Molale will resign, but only after winning primaries
The Minister of Presidential Affairs and Public Administration, Eric Molale has got everyone talking. He is contesting the Botswana Democratic Party (BDP) primary election whilst also holding the position of Specially Elected Member of Parliament.
President Lt Gen Ian Khama also holds the key because Molale’s all clear solely depends on the President’s discretion. It is clear that Molale has the President’s blessings to contest. He may keep as Minister until the legality of his stay as Minister expires! Reports from some BDP members indicate that Molale has made it clear that he will resign should he win the party primary elections…
Pundits are clear in their explanations that there is no law that Molale is breaking, and in fact he is not the first Specially Elected MP to contest primary elections whilst still in Parliament. There are those who feel Molale should not contest because he is already in Parliament, but indications are that this is not only about Molale, it is also about the ruling Botswana Democratic Party (BDP).
The BDP stands to gain in the event Molale wins because they will have a chance to slot in a different Specially Elected MP to replace the Minister of Presidential Affairs and Public Administration. There is no doubt that the BDP or President Lt Gen Ian Khama had a lot of potential candidates lined to be made Specially Elected, and this is yet another opportunity. Molale has been given a chance to prove his worth as a politician, and the Goodhope-Mabule bye-election suits his ambitions.
In the event Eric Molale succeeds at primary elections the main question is whether he will resign both his positions so clears the way for his contestation in the bye-election. WeekendPost has looked at precedents and the law in part and made discoveries that Molale is covered in all angles.
He may choose not to resign until Election Day as MP, and may contest for the position of MP for Goodhope-Mabule while still holding the position of Minister. Section 42 (3) of the constitution of Botswana allows Molale to run while still holding the position of Minister.
Meanwhile Molale is also free to contest BDP primary elections while still holding the position of Specially Elected Member of Parliament. According to the constitution of the country it is also clear that President Khama is not under any pressure to Specially Elect a replacement for Molale when he resigns as MP (because he (Molale) will be compelled to resign from Parliament to contest the bye-election.
Therefore this means that President Khama can wait for the outcome of the bye-election and make an informed decision after. In the event Molale loses he has the discretion to reappoint him as Specially Elected MP. According to the constitution, Khama also has four months to watch the developments while Molale holds position of Minister while not being a Member of the National Assembly.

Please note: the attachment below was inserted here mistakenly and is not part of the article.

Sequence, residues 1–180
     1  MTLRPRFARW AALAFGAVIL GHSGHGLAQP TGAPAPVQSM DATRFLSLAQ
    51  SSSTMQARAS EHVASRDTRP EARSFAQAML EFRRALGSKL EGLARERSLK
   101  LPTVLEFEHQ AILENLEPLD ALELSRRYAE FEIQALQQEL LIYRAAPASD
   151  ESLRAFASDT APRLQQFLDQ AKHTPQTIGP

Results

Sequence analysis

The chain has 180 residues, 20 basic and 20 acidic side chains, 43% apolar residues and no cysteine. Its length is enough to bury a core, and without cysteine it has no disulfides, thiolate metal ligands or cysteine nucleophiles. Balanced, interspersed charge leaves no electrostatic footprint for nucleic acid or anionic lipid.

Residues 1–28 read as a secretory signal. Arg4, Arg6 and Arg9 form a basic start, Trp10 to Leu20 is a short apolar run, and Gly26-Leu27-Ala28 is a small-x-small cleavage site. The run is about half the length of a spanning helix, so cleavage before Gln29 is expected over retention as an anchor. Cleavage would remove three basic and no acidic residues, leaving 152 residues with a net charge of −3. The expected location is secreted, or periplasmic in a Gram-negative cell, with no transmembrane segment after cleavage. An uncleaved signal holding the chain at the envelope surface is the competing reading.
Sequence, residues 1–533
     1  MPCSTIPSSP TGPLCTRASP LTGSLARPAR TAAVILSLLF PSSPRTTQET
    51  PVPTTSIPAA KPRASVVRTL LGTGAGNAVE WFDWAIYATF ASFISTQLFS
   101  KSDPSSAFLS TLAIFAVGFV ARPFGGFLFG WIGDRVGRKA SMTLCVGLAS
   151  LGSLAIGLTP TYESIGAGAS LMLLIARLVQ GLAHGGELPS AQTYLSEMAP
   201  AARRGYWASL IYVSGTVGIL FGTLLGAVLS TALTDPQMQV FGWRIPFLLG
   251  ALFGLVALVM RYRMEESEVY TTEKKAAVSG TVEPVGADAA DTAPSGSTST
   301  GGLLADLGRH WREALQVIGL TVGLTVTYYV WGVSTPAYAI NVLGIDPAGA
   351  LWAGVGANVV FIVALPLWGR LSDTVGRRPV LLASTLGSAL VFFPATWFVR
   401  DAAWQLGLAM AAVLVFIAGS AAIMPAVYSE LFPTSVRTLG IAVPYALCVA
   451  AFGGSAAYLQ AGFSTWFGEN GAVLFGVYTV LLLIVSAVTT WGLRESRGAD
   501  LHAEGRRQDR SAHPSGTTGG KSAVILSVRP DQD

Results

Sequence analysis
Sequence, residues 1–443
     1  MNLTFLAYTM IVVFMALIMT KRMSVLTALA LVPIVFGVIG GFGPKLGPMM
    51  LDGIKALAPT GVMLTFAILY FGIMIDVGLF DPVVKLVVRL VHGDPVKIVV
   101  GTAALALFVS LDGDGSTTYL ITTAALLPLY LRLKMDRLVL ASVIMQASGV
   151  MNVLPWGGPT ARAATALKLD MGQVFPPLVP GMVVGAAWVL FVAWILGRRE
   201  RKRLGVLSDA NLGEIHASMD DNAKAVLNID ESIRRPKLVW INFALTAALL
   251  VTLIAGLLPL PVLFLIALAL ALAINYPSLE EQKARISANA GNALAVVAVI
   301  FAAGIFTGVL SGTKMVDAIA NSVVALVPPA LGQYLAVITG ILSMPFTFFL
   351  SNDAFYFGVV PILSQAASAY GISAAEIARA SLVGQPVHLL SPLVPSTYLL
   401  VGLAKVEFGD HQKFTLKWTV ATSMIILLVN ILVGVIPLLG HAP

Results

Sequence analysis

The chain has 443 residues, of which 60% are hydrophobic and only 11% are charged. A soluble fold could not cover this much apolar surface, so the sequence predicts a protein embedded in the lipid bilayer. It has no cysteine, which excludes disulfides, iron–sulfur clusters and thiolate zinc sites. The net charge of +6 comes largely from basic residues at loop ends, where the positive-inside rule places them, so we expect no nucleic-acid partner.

Insiders have pointed out that it is a risk worth taking for the Presidential Affairs and Public Administration Minister because he is “covered in all angles”.
PRECEDENTS OR LIKELY SIMILAR CASES
In 2007, after Boyce Sebetlela resigned from Parliament, the former Minister of Health Sheila Tlou was allowed to contest BDP primaries in Palapye constituency while still a Member of the National Assembly. She went on to lose the primaries to Moiseraela Master Goya and continued with her parliament and ministerial duties.
In 1994 the High Court nullified the Kgatleng constituency results because of irregularities and Ray Molomo could not be declared a Member of Parliament. The then President, Sir Ketumile Masire went on to appoint Molomo a minister without a constituency and waited for him to win the re-run.
On 1st April 1994 when Festus Mogae succeeded Masire as President, Lt Gen Ian Khama was made Vice President. But Khama did not hold a seat in the National Assembly hence he could not be immediately appointed Vice President. Former President, Mogae waited for Khama to win the Serowe North bye-election and later appointed him Vice President. Khama was ushered in through the resignation of Roy Blackbeard.
In a recent case though different, two serving Mahalapye Councillors, Moatshe Senai and Jackson Cebani, in 2012 were allowed to contest in BDP primary elections challenging Bernard Bolele for the vacant Mahalapye West Parliamentary office.
The vacant position at Parliament cannot stay for more than 90 days hence before then the bye-election should be conducted.
Botswana Democratic Party (BDP) and some senior government officials are abuzz with reports that President Mokgweetsi Masisi has requested his Vice President, Slumber Tsogwane not to contest the next general elections in 2024.
The impacts of climate change are increasing in frequency and intensity every year and this is forecast to continue for the foreseeable future. African CEOs in the Global South are finally coming to the party on how to tackle the crisis.
Following the completion of COP27 in Egypt recently, CEOs of Africa DFIs converged in Botswana for the CEO Forum of the Association of African Development Finance Institutions. One of the key themes was on green financing and building partnerships for resource mobilization in financing SDGs in Africa
A report; “Weathering the storm; African Development Banks response to Covid-19” presented shocking findings during the seminar. Among them; African DFI’s have proven to be financially resilient, and they are fast shifting to a green transition and it’s financing.
COO, CEDA, James Moribame highlighted that; “Everyone needs food, shelter and all basic needs in general, but climate change is putting the achievement of this at bay. “It is expensive for businesses to do business, for instance; it is much challenging for the agricultural sector due to climate change, and the risks have gone up. If a famer plants crops, they should be ready for any potential natural disaster which will cost them their hard work.”